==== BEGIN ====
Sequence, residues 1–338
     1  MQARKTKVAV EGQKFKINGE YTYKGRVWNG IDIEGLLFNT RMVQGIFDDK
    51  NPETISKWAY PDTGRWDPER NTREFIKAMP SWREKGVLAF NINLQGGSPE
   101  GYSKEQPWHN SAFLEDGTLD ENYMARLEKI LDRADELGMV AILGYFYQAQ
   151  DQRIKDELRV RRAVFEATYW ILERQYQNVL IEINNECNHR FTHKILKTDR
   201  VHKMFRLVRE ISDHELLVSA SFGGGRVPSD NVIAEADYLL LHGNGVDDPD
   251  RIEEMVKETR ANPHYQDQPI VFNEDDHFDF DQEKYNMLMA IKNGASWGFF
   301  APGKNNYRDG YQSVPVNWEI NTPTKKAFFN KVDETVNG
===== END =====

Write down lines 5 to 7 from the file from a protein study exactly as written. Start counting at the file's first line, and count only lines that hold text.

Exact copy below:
   151  DQRIKDELRV RRAVFEATYW ILERQYQNVL IEINNECNHR FTHKILKTDR
   201  VHKMFRLVRE ISDHELLVSA SFGGGRVPSD NVIAEADYLL LHGNGVDDPD
   251  RIEEMVKETR ANPHYQDQPI VFNEDDHFDF DQEKYNMLMA IKNGASWGFF